Those familiar with Yellowjacket hockey will likely recognize the voice of Jon Garver, who has helped tell the team's tale for 13 years.

As athletic marketing and external relations manager, Garver’s main focus has been play-by-play for men’s hockey. Garver has also called women’s hockey, baseball, softball and has anchored radio coverage of Grandma’s Marathon.

For Garver, however, 2020 and 2021 were unexpected and complicated chapters in a story already full of experience in the field, altering his work schedule, space and technique.

He called his 491st men's hockey game Feb. 26, but had the COVID-19 pandemic not happened, he already would have surpassed 500 games called. He's called more than 346 consecutive games — every contest since 2008-09, he said.

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The resumption of Yellowjacket hockey in 2021 has brought some new challenges, including new rules and procedures regarding away games.

“For road games, (the WIAC) are not allowing visiting media to travel this year,” Garver said. “So in order for us to put our games on the radio, it basically amounts to me using that same equipment I would use if we were traveling down to that venue and instead setting it up in my office, connecting to the radio station across the street via the internet, and then watching the game’s video feed provided by the opposing school and broadcasting the game off of that.”

A sign on Jon Garver’s office door warns people not to come in as he calls a UW-Superior men's hockey game while he watches the feed from UW-River Falls on Feb. 24. (Jed Carlson / jcarlson@superiortelegram.com)
A sign on Jon Garver’s office door warns people not to come in as he calls a UW-Superior men's hockey game while he watches the feed from UW-River Falls on Feb. 24. (Jed Carlson / jcarlson@superiortelegram.com)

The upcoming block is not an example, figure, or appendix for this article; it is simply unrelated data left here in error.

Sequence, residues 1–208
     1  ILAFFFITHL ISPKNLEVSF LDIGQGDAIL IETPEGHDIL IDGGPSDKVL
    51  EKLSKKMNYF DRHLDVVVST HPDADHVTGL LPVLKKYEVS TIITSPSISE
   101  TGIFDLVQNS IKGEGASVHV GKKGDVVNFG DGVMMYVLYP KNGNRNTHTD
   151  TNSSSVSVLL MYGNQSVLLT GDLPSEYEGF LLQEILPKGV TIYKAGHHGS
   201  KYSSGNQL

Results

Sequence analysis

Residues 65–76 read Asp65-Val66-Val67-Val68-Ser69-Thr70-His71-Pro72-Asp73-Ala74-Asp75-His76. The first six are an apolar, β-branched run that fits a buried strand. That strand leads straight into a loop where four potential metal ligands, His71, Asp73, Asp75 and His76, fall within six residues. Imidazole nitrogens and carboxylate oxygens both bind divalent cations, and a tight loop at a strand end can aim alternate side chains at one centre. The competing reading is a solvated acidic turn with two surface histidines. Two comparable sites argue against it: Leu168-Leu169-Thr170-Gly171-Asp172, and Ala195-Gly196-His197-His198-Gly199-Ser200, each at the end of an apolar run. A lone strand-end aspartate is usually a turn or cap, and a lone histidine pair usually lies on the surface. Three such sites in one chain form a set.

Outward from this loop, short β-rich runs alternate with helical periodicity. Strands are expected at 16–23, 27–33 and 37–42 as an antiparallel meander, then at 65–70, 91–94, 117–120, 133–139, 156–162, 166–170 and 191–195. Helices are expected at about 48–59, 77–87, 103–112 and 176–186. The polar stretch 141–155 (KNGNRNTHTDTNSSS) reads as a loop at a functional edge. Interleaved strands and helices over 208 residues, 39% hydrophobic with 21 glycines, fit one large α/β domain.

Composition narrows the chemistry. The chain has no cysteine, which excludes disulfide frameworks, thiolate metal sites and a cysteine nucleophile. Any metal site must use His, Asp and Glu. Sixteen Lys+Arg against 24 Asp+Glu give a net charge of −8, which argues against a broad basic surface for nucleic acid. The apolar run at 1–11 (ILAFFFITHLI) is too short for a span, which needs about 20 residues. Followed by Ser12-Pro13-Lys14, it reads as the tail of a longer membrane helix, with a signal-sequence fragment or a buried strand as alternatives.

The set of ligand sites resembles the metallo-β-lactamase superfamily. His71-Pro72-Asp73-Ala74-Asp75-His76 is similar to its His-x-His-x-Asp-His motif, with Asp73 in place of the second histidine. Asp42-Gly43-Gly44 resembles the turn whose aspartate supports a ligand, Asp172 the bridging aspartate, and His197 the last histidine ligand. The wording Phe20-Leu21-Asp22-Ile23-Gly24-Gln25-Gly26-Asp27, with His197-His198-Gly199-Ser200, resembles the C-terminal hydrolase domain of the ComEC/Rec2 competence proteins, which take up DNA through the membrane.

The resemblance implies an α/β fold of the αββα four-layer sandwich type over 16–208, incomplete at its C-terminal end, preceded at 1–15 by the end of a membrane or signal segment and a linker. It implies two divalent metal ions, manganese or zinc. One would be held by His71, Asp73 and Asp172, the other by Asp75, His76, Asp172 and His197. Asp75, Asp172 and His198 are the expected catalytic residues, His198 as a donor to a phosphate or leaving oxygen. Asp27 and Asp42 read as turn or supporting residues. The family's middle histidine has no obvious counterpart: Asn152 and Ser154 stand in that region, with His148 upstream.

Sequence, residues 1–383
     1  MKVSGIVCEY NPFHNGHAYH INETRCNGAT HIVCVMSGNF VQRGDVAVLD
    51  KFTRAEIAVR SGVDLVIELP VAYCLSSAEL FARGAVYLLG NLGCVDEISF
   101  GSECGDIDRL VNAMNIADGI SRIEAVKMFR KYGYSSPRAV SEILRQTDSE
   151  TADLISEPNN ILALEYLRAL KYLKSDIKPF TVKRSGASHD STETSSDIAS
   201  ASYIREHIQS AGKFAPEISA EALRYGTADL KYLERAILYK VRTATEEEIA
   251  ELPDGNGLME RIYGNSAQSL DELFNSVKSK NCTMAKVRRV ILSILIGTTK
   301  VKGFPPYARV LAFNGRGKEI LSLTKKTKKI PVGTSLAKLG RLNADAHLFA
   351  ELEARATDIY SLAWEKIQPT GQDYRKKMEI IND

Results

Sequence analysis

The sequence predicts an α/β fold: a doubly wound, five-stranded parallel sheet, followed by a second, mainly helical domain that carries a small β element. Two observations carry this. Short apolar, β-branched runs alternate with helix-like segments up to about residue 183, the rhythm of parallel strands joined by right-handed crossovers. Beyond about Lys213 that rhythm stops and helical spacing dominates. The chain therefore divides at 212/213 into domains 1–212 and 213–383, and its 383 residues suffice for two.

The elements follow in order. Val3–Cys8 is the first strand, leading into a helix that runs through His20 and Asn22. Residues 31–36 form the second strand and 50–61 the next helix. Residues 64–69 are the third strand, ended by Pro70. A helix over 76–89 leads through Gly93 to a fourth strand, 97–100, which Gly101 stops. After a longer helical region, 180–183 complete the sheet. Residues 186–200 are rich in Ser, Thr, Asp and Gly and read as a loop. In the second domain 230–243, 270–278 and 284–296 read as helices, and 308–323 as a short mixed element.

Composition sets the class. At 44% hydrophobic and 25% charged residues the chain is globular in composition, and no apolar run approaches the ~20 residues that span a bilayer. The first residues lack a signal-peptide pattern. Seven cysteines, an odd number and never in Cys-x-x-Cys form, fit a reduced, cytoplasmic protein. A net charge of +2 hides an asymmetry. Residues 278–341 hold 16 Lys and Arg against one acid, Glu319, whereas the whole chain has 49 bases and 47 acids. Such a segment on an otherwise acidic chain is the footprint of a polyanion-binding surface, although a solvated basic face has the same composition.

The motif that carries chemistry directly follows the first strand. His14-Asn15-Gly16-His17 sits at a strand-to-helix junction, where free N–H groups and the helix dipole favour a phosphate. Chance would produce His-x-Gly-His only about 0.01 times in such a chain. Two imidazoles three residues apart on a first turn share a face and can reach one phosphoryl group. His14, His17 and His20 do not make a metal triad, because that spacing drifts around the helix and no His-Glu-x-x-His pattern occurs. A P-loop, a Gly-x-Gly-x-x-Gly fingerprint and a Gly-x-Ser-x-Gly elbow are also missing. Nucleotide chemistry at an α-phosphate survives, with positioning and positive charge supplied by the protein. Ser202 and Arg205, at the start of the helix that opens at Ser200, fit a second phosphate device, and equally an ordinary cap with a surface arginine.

The rules were implemented in part due to the varying sizes and layouts of facilities across the various WIAC schools. It's a different experience for the play-by-play veteran.

“This is all brand-new. When I did this on Jan. 27 of this year to call a game that was being played in Ashland, that’s the first time I had ever called a game where I wasn’t in the venue.”

While broadcasting from his office does trim the amount of time he spends time on the road, Garver said it does little to counter the negatives.

“You lose a lot of elements to your broadcast,” he said. “If you’re calling a hockey game, you’re not hearing the puck hitting the boards, a stick hitting the puck, or skates digging into the ice.”

Garver also said it is more difficult to identify players on the broadcasts, in addition to not being able to see the scoreboard or full ice sheet.

Technical issues have also caused headaches during broadcasts.

“I had a video feed once this year that just turned off — for a period and a half of the game, it was just gone. I had another instance where the video froze for a minute and when it came back a goal had been scored," he said.

Jon Garver calls a UW-Superior men's hockey game from his office on the UWS campus as he watches the feed from UW-River Falls on Feb. 24. (Jed Carlson / jcarlson@superiortelegram.com)
Jon Garver calls a UW-Superior men's hockey game from his office on the UWS campus as he watches the feed from UW-River Falls on Feb. 24. (Jed Carlson / jcarlson@superiortelegram.com)

Garver's contributions are not something the university takes for granted, Nick Bursik, UWS athletics director, said.

Bursik said the conference's decision not to allow visiting media was made with the ultimate goal in mind of protecting student-athletes from exposure to COVID-19.

“We continue to plan that visiting media will be back as normal for next year," he said.

And for Garver, returning to his old routine will be a welcome change.

“I am never going to complain about being on the road, about being at a venue to call a game again," he said. "Yeah, some of them, your feet get too cold and your computer has trouble working, but I’m never going to complain about that or take that for granted again."